Well, that’s two views of what might be America’s jump-the-shark moment, and Andrew Sullivan offers a third:

Personally, I think it was some moment between the Congress’s assent to torture in 2006 and when Sarah Palin was selected as a serious vice-presidential nominee in 2008.

So just when did we become Late Imperial Rome? Sullivan’s readers offer other moments:

The Clinton impeachment, hands down. The long list of ridiculous investigations leading up to it were bad enough, but taking a step designed to remove an elected President over a personal affair showed that the view of politics over country now ruled the day. The proceedings were political Kabuki Theater at its basest.

And there is this:

I have a vivid memory of reading the Kenneth Starr report on Monica Lewinsky one afternoon in the company of a number of my then-colleagues. Looking back, it is almost embarrassing how much we all giggled and snickered over that document.

(It is also interesting to consider that that must have been one of the first, if not the first, source documents for a major news event that we all read over the Internet.) I think that was the point at which I knew we had begun our decline and fall. Probably what Clinton said about the cigar, and knowing the circumstances in which he said it, and that he was our head of state and at the time in his official office (in every respect), is what put me over the top. And if that didn’t do it, surely the arguments about the meaning of the word “is,” the blue dress, and the impeachment proceedings would have. Any time a society is laughing at its leader the way we were all laughing at Bill Clinton, you have to know that something serious has ruptured in that society.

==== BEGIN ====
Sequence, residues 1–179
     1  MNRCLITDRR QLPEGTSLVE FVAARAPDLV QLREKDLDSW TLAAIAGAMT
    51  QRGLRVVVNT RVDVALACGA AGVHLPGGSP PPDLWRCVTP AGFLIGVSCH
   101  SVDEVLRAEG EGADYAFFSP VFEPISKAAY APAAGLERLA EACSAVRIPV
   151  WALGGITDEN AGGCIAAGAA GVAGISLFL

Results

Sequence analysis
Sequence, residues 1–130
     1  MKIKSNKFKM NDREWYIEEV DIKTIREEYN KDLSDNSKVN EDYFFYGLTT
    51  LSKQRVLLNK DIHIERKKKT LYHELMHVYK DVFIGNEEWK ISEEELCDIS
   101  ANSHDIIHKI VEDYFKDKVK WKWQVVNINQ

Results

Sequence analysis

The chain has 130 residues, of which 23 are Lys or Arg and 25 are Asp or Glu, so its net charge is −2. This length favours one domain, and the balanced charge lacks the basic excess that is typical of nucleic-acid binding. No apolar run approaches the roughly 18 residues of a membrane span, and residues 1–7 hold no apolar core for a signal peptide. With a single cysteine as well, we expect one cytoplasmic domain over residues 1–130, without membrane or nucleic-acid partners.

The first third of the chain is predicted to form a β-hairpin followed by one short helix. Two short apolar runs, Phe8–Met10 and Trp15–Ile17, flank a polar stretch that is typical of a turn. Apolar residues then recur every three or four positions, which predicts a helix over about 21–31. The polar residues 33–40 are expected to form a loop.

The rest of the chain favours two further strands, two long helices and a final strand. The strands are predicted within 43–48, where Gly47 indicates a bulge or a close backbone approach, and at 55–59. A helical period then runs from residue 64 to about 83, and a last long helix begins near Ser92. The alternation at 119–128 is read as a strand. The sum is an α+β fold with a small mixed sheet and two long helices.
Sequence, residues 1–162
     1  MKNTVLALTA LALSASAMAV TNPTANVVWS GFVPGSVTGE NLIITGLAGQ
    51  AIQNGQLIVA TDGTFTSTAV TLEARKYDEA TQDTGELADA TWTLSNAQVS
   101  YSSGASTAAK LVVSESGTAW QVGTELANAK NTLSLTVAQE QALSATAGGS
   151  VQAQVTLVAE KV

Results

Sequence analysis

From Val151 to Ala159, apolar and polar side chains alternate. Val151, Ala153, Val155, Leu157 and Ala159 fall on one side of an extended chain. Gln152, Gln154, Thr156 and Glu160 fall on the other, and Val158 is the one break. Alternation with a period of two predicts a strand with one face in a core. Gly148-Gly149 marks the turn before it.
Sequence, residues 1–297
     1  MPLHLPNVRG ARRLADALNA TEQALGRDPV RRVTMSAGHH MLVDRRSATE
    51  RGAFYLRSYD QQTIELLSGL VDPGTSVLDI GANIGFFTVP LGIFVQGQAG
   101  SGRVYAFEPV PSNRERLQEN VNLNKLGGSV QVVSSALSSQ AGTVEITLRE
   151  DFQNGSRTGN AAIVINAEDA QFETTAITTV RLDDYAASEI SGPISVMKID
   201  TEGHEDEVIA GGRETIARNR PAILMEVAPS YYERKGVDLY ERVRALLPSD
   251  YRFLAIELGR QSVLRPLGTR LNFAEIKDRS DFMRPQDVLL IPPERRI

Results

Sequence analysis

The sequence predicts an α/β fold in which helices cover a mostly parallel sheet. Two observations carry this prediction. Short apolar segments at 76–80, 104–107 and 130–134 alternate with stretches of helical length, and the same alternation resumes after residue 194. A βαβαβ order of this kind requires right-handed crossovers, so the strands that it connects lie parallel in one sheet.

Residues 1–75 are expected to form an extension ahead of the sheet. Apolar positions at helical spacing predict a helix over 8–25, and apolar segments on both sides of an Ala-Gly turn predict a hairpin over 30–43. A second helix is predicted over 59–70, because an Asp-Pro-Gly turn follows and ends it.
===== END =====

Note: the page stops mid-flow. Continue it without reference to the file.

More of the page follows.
But this reader says it is less important to ask when we realized how decadent things were than to ask when the decadence actually began:

I think the best answer to that question is that it began before many of us were born: when Lyndon Johnson began lying to the country about Vietnam. Moral authority is the most powerful kind of authority there is, and at that point, at which our political leaders lost our trust and respect, they lost any sort of moral authority over the citizenry. In a democracy, where the people are sovereign, this means that we quite literally lost respect for ourselves.

Of course, what followed the Vietnam era did not help. An interesting question is where would we be today if Humphrey beat Nixon in 1968, or if Watergate had never happened. Jimmy Carter’s national malaise (a word, I learned recently, he never actually uttered in his infamous speech) did not help either. But it was all made possible, I think, by LBJ.

And this reader suspects Gibbon’s Decline and Fall “is more topical than any of us would like to think” – along with this:

Another fascinating question – and obviously I am far from the first person to think of this – is the extent to which our decline has been accelerated by modern information technology. Vietnam was the first war covered on television, and I doubt I would have been laughing at Bill Clinton in quite the way I was without the Internet. And let’s not even talk about Weinergate.